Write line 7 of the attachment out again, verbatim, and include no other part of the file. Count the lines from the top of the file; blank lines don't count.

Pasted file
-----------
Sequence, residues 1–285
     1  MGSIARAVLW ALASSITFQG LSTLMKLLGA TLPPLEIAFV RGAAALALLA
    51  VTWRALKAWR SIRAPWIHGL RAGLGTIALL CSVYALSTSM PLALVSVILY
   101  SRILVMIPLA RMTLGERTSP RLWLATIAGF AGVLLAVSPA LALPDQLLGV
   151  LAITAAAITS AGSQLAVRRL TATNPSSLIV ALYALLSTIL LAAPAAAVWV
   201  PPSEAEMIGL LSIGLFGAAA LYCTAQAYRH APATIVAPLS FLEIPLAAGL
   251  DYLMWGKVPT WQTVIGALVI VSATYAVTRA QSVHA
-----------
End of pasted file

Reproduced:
   251  DYLMWGKVPT WQTVIGALVI VSATYAVTRA QSVHA